OverviewOk lets be fair here, Rhobell Fawr (734m Ordnance datum) isn’t the most spectacular hill in the world, and when comparing it to Snowdonia’s other mountains it probably wouldn't score too highly. It doesn't match the scale of the Carneddau, lacks the ridges and arêtes of Snowdon, the cliffs of the Glyders, the snows of the Arans and the romanticism of the Rhinogs. It isn't even mentioned in the guidebooks. It is in fact just a rounded, rocky lump of a hill, isolated from its neighbouring mountains and surrounded by coniferous forest. A quick glance over the map and you might miss it altogether. So why, you might now be asking, would I want to climb this mountain? Well I'll tell you, because Rhobell Fawr is very special indeed.
Firstly, if you climb this mountain you will be completely alone, very few people ever visit it, and complete solitude in the mountains cannot be recommended enough. Secondly, the lack of paths and the intricate nature of the terrain provides a very rewarding navigational experience with the walker left entirely to their own devises. And thirdly, and this in my opinion is the clincher, to be had from the summit of this obscure mountain are some of the finest views in the whole of Wales. On a clear day, from this one spot, the whole of Snowdonia can be seen in one continuous sweeping panorama. In the distance to the north the mighty buttresses of Snowdon, Lliwedd and Crib Goch can be seen with the peaks of the Glyders, Tryfan and the Carneddau raising up and sweeping around them. To the north and northwest the Arenigs and Arans rise majestically from the Migneit Plateaux and the shores of Llyn Bala. To the south the grand massif of Cadair Idris dominates the skyline, and on days of exceptional clarity the rounded summits of Pumlumon and the Cambrian Mountains can be seen for as far as the eye can see. To the west the wave like form of the Rhinogs role from north to south, and beyond them the crystal blue waters of Cardigan Bay sparkle in the sunlight.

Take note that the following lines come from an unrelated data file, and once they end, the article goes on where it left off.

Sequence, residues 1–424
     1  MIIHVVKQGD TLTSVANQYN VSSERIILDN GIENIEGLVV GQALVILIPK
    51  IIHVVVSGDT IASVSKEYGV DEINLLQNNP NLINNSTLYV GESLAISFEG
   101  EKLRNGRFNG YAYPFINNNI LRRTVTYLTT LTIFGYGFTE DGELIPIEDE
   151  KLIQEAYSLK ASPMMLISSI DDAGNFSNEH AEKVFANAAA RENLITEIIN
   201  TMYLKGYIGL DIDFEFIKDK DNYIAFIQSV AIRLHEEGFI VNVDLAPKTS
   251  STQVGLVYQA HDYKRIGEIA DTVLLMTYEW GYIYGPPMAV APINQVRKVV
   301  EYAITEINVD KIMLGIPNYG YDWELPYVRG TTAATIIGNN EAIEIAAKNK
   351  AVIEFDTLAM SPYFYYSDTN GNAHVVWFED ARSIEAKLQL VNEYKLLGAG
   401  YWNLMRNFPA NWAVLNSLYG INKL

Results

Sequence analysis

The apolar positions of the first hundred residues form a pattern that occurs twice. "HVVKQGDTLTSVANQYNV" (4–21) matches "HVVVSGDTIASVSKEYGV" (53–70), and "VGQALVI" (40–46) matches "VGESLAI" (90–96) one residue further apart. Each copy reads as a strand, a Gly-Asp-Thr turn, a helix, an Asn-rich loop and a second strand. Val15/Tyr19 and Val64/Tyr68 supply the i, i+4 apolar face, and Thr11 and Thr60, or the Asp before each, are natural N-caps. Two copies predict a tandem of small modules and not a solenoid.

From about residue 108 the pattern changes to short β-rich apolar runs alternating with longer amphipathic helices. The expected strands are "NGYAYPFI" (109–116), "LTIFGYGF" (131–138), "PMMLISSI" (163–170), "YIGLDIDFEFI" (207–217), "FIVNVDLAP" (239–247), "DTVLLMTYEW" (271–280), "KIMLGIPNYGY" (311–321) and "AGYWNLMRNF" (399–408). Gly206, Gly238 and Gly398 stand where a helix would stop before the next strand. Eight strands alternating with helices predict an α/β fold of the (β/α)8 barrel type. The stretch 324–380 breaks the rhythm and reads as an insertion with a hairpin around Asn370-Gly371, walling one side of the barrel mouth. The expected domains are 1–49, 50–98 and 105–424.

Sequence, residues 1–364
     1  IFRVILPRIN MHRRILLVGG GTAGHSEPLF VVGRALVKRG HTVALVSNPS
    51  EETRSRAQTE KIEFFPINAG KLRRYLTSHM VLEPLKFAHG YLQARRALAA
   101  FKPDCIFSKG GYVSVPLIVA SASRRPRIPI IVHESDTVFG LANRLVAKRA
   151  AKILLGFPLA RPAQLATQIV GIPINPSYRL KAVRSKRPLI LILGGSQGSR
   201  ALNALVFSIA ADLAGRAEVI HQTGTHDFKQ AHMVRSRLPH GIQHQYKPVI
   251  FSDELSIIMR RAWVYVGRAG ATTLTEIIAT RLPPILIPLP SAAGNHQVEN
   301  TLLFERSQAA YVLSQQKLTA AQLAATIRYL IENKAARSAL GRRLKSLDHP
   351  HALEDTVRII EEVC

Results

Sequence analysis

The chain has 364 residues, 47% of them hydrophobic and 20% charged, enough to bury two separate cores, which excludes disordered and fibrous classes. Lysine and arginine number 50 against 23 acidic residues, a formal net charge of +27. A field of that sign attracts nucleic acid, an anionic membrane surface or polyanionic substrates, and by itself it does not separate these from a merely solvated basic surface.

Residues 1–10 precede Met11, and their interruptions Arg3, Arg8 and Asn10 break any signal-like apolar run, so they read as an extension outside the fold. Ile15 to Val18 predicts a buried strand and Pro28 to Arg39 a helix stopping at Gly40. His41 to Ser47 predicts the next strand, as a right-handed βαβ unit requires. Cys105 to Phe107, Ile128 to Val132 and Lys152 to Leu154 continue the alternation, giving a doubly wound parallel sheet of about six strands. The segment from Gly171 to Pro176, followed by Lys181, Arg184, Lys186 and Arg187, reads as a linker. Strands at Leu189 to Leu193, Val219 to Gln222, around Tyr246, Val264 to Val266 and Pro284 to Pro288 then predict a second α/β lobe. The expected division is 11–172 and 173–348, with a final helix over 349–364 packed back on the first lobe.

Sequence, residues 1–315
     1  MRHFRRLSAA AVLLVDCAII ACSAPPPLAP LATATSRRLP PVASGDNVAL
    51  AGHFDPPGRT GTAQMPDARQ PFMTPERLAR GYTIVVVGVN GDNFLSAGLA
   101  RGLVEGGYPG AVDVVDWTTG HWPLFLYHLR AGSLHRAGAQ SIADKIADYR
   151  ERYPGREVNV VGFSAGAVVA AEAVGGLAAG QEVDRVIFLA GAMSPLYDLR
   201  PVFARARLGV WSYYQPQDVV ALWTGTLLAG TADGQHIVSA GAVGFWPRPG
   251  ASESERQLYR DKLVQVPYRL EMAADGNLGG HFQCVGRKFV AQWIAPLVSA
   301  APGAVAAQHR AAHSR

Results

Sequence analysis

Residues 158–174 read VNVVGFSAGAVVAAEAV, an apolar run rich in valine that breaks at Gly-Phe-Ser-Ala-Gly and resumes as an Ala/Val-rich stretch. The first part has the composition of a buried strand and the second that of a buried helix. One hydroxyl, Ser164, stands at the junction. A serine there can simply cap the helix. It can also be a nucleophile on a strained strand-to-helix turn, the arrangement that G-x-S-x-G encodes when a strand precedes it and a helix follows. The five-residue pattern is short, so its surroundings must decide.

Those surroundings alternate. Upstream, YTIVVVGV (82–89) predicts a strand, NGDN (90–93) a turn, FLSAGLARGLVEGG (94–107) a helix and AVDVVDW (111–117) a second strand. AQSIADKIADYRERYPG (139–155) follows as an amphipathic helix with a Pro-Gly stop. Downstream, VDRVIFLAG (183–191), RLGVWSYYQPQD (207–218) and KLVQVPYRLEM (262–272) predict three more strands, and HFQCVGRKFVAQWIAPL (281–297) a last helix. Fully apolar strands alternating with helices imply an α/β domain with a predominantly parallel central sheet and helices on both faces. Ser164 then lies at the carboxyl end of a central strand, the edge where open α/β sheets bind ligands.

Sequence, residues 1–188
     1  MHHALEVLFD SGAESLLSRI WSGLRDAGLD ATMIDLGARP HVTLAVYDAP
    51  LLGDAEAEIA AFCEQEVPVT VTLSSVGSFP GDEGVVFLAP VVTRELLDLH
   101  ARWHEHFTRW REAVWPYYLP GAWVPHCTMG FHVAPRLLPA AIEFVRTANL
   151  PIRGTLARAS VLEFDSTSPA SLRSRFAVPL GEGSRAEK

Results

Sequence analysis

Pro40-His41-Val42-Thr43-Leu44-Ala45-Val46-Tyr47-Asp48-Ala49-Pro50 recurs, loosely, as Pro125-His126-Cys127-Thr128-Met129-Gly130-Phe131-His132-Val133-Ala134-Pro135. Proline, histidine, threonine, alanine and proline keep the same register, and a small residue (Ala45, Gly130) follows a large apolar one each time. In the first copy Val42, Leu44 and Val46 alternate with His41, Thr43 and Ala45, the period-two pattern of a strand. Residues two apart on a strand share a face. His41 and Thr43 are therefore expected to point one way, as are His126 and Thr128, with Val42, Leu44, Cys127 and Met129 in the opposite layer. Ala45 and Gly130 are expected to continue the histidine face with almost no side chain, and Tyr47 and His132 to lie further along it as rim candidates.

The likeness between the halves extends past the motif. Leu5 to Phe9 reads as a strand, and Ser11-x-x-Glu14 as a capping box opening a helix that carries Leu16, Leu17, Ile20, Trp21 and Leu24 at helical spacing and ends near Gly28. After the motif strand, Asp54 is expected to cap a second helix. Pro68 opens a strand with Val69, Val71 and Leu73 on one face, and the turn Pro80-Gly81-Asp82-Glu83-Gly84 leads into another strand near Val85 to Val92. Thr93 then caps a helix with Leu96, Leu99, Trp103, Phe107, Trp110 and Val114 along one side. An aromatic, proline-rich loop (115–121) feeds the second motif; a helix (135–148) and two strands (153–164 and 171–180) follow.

I hope this syfficient to persuade you that this little hill, this anicent volcano, this lonely summit, is worthy of a climb.
When to climbThis is simple, do it in the winter when the air is dry and crisp, the sun is shining and the clouds are far and few between.
Getting ThereThe mountain can be climbed from Cwm yr Allt-lwyd (which translates as Valley of the Grey Wood) (SH 787 292) in the north, or Llanfachreth (SH 754 224) and Blaenau (SH 791 225) in the south. The south is easiest to get to, with a short drive from the A494 at Aran Hall School (SH 798 216) or from the A470 at Dolgellau (SH 728 117). Cwm yr Allt-lwyd is a little harder to reach and requires a long drive in off the A 470 either through Coed Y Brenin (SH 728 235) if coming from the south, or over the hills from Bronaber (SH 712 317) if coming from the north. In snowy conditions Cwm yr Allt-lwyd isn't recommended as the roads are often steep and won't be gritted and attempting to drive over them is just asking for trouble.
Red Tape and AccessNo red tape here!
Although unlikely it's worth checking the countryside access map provided by the Countryside Council for Wales (CCW) regarding whether or not any restrictions on movement in the area are in place.
Countryside Access Map
For climbers, hill walkers and mountaineers, the British Mountaineering Council (BMC) runs a Regional Access Database, which holds mountain/crag specific information on matters of conservation and access, including issues such as nesting restrictions, nature designations and preferred parking.
Regional Access Database
If you are in any doubt about any particular access arrangement, or need to report an incident, you should contact your local BMC Access Representative or the BMC Access Officers for Wales: Elfyn Jones.
CampingThere is camping available at Berthlwyd (SH 735 187) and Cymer Abbey (SH 721 192) in the south. Alternatively, if there are a few of you, or its winter and camping sound like an unnecessary form of torture, there are chalets available at Bronaber (SH 712 317) in the north.
Of course there are also a number of hotels and B&Bs to be found in the nearest town Dolgellau (SH 728 117).
||Navigation Maps |
OS 1:25k Explorer Series OL 18 Harlech, Porthmadog & Bala/Y Bala
OS 1:50k Landranger Series 124 Porthmadog & Dolgellau
Harvey Map Services 1:25k Snowdonia South Rhinogs/Rhinogydd
OS Road Map 9
GuidebooksAlthough none of these books so much as mention Rhobell Fawr, they do contain information about the surrounding area that can be very helpful.
Snowdonia (Official National Park Guide) by Merfyn Williams
The Mountains of England and Wales: Volume 1 Wales (Cicerone Guide) by John and Anne Nuttall
Hillwalking in Wales Vol 1 (Cicerone Guide) by Peter Hermon
Hillwalking in Wales Vol 2(Cicerone Guide) by Peter Hermon
Hillwalking in Snowdonia (Cicerone Guide) by Steve Ashton
Snowdonia National Park Authority
Gwynedd County Council
Local Information from Gwynedd.com
Local Information from Snowdonia Wales Net
Local Information from Dolgellau.net
Countryside Council for Wales
The National Trust
Mountain Weather Wales
Weather from the Met Office
Weather Channel UK
Welsh Public Transport Information
Uk Train Timetable
Youth Hostel Association in Wales
Berthlwyd Holiday Park
Aber Cottage, Dolgellau
Aber Gwynant, Dolgellau
Bakery Cottage, Dolgellau
Bikers Retreat, Dolgellau
Bont Ddu Hall hotel
Bryn Hyfryd, bontddu
Brynygwin Isaf Self-Catering, Dolgellau
Maes Coch Farm, Dolgellau
Clifton House Hotel, Dolgellau
Ivy House, Dolgellau
Maps and Guidebooks
Harvey Map Services